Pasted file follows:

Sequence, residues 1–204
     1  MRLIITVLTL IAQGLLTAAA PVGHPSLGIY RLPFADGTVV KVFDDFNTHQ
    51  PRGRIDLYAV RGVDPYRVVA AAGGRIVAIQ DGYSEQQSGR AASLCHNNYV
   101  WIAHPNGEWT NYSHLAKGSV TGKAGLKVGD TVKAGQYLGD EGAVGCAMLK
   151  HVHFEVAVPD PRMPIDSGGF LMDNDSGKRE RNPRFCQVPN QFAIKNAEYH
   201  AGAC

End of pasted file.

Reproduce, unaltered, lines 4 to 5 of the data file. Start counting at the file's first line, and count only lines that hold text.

   101  WIAHPNGEWT NYSHLAKGSV TGKAGLKVGD TVKAGQYLGD EGAVGCAMLK
   151  HVHFEVAVPD PRMPIDSGGF LMDNDSGKRE RNPRFCQVPN QFAIKNAEYH